Sometimes you just need an idea. Whether it’s something fresh to motivate you for a personal practice session, planning a class or something to spark a solution for a section of choreography. Those are good times to think out of the box. Having a few prompts on hand can help you get started. Let’s look at one and some ways you can use it.
Prompt: Choose a shape and see how many ways you can express it.
We could go with something easy like a circle or an infinity shape, but let’s reach a little further and use a triangle as our example. That’s not a standard shape in our movement vocabulary like a hip circle or figure 8 so that should push us into some new ways to use what we know. That’s exactly what a good prompt does!
How can you create triangle-shaped movement on different body parts?
- Use rib slides, lifts and drops to draw triangles with your chest. Try pointing the triangle both up and down. Try alternating them for an upper body drill.
- Create a triangle on the front of your hips using low, wide hip slides and a high centered pelvic tuck
- Use an unweighted front hip twist, back hip twist and a high hip up to draw a triangle on one side.
- Working with your hips as the wide base and your ribs at the top, expand your triangle to upper and lower body. Try a shimmying hip slide with a rib pop when you pass through center!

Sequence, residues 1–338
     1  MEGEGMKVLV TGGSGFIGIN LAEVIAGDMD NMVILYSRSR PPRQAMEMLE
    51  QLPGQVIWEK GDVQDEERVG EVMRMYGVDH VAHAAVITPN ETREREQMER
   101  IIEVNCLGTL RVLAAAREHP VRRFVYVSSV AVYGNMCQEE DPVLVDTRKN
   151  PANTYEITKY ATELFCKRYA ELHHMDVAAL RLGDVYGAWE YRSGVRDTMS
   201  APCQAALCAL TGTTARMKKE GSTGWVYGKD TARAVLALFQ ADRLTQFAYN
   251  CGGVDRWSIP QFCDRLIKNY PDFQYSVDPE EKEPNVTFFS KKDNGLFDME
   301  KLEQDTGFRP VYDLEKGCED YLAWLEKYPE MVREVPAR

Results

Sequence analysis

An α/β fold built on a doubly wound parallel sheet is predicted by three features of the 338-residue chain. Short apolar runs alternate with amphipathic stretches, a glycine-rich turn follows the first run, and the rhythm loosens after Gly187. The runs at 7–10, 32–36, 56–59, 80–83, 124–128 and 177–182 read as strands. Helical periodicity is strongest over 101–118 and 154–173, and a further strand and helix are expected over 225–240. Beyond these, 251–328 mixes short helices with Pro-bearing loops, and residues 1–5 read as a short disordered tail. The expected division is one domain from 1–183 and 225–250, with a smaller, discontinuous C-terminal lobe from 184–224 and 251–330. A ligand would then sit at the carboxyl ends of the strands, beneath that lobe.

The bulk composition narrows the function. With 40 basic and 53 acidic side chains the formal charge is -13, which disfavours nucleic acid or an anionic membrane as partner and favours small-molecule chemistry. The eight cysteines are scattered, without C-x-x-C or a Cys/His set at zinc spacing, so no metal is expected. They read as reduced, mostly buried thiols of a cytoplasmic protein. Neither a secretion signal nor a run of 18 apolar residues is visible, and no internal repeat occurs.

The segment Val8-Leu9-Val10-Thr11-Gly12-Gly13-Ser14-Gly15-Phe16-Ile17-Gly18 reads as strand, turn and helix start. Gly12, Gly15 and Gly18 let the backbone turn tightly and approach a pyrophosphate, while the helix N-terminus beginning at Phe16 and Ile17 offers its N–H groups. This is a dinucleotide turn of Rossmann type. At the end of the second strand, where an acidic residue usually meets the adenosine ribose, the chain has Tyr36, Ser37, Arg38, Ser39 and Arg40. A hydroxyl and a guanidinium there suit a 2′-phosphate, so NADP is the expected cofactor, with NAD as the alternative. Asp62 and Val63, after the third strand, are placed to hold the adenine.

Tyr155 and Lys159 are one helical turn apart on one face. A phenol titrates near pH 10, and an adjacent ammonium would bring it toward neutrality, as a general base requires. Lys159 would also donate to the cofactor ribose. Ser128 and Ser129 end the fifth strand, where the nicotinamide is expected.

How can you move in a triangular path in your space? And when would that work well?
Consider your space with the point of the triangle at center stage and the wide base along the downstage edge. By traveling from center to a downstage corner and across, then back upstage to center you can make a strong travelling entrance path. By travelling downstage and across, you welcome and acknowledge your audience then plant yourself back at the power position of your stage. Many magence-style compositions start out with just that – a travelling entrance that transitions into the “let’s get to the serious dancing” part!
Ok, now that we’ve thought about when that could be useful, let’s thing about how to approach it. Brainstorm through your travelling step vocabulary and look for interesting ways to mark the corners and make transitions to the next angle of the path. Those transitions can be smooth like a spin that slides right into the next travelling section, or dynamic with sharp contrast. Your music will tell you which one you need.
In a less literal sense, how about a triangle of size, energy or intensity?
Consider two triangles – one pointing up and one pointing down. Let’s interpret that as an increasing and decreasing factor.
- Choose a movement (any one – it doesn’t have to be triangle shaped here!) and take it from the smallest your can make it to the largest form you can do. Go from the tiniest shoulder roll to big rippling snake arms as an example.
- Play with increasing the energy level. Start with your biggest, most energetic shimmy then gradually dial it down to barely there, then crank it back up!
- Try barely travelling with a tiny bourree step and increasing the amount of ground you cover by moving on to a grapevine and then really whipping though your space with a series of travelling turns (if you’ve got the room!).
These are certainly just a few of the ways you could use the prompt of a triangle. What ideas come to your mind?
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Share your ideas in the comments below….